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Are companies putting fraternal or masonic imagery in fictional stories?

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posted on May, 21 2009 @ 08:20 AM
Hi All

Rarely do I post new threads, I'm more a discusser of others ideas than my own but I sat their last night reading a science fiction novel by Games Workshop (Horus Rising), and almost every page is thinly disguised allegory for fraternal groups (possibly generically Masonic I hazard to guess).

So, my questions are thusly, to anyone who's read it and if possible, is also a Mason:

Are Games Workshop and or Dan Abnett using this as some means of connecting to Brothers or, is it the reverse, is it a tale of what happens when it goes too far and the fraternal group becomes involved in areas it shouldn't?

There are secret groups within groups, discussing religion and its merits etc, mentions of rituals and some very non disguised uses of, how to put it, generic 'craftness'. For example, the book I referred to is even called HORUS RISING and the imagery attached to the name, and the symbolism of his trappings (the adornments of his armour, his features, etc) continually make me think of the Craft. Now I don't profess to know everything there is to know about Masonic rituals or be a participant, which is why I'd like someone who IS a mason to perhaps comment to whether it is FOR or AGAINST masons.

I get very mixed vibes off the whole thing. Now I realise, that there is probably a very good chance that at least some parts of the company are masonic, it is a company based on sci-fi/fantasy and was run by people who were heavily into the D&D movement when it became popular in the 80s here in the UK.

I'm not dissing masons or anything like that, far from it, some of my family members are masons, my query is more a case of trying to understand why the book is so steeped in it all and what the aim of it was to get across to the reader - is it to make masons look bad, or good? Are there similar books you've noticed lately in the same vein? Its like I was very bored the other week and watched some cartoons from my youth that I remember as being fantastic as a kid, "He Man, Thundercats, etc" but I don't know if its just my years of reading all these theories, or that I'm older and hopefully wiser, but there seems to also be an inoordinate amount of subtle hints in cartoons from that era about secret societies too.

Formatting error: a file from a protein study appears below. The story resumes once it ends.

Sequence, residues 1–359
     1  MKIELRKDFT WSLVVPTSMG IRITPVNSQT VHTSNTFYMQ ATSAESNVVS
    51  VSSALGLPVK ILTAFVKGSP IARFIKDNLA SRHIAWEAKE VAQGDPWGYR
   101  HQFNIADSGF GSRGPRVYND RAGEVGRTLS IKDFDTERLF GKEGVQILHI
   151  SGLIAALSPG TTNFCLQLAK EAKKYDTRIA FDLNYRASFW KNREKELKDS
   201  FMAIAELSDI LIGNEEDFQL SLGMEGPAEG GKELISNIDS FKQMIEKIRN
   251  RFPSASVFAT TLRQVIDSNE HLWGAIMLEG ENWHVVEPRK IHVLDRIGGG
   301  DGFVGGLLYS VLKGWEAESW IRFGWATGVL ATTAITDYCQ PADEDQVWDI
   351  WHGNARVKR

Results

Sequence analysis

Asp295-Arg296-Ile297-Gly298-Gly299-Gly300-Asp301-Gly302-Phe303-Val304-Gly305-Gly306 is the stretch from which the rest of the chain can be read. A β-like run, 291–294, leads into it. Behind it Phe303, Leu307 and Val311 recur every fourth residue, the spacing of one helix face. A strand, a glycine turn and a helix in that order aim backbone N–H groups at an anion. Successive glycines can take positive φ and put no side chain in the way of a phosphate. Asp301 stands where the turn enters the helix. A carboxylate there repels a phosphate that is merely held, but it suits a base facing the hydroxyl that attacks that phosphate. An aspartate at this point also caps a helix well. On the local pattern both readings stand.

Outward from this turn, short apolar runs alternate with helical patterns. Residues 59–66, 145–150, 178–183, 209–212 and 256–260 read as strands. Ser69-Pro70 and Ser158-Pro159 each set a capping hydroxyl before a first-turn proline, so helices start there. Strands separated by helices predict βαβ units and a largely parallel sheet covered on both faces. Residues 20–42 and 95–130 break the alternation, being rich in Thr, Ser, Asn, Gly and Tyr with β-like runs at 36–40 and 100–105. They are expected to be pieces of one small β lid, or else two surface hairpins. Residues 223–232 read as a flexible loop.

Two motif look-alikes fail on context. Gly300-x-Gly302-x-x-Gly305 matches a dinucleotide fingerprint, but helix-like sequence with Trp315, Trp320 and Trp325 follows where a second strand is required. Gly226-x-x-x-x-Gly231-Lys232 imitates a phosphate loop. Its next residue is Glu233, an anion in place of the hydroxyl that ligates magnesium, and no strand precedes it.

I just find it odd, and would welcome other's thoughts please.

posted on May, 21 2009 @ 10:49 AM
I'm unfamiliar with that book and only have limited exposure to GW publications. (I was a gamer in the 80's-90's, but mostly stuck to TSR, White Wolf, or Steve Jackson Games...) So I can't say anything with any certainty. My gut reaction is that the unknown aspect of secret societies makes great fodder for certain genres of fiction because such books would instantly take on a plausible reality to some extent.

I'll try to track down a copy of the novel locally and if I can, I'll give you a more insightful take.

posted on May, 21 2009 @ 11:45 AM
Thanks for your response, I'm collating a list of all the things I'm personally a bit suspect of, and those things I can 'identify' as craft or fraternally related so the resident Masons can give me a definite as to what exactly the point behind the symbols is according to what is given by their beliefs.

For a start, can any of the masons give me anything on the following FROM THEIR POINT OF VIEW, as in, a practicing Mason who understands the craft, not what I could read on FreemasonryWatch and which may be out of date, or incorrect.

1. Does the world Mournival mean anything to Masonry? Its a French word apparently that is related to having four of a kind in a card game and seems to be a descriptive for the king, queen, prince, and knave cards in particular (in the book it identifies a group of four important brothers who are joined as a cofraternaty and is outside the main chain of command but who are listened to more than others - i.e. fraternal favouritism)

2. I've been involved in a myriad of various religions, including many of the 'pagan' ones, but can someone give me a basic outline of what Horus and Horus Rising means to those who practice.

3. I recognise the Eye of Horus as a symbol in an of itself, but in the book, its more shaped like the eye of a cat (Bast?) rather than Horus' as it occurs in occultic literature, are there any mentions of other eyes and/or is the shape specifically important? There are also pendants produced by the company's jewellery arm that incorporate it before an eight pointed star, and as much as Moorecock moans he made it up, its been a symbol for chaos long before he decided it was.

Best I can find (but its not quite what I mean) is this:

The one printed on the cover, by someone who definitely IS a mason I have since discovered (and is an artist for GW, but that might merely be a coincidence) has a cat shaped pupil, has a red rim, a yellow scloera and black iris/pupil

3. Considerable use of the words "Illumination" and the use of lights in darkness, now I'm fairly aware of its use in the rituals, but are they in ALL the various variations of Rites?

4. Considerable use of the numbers 3, 4, 11 and 13. Significances?

I'll continue to write the others as I collate them, since those are the only ones I remember off the top of my . at the moment.

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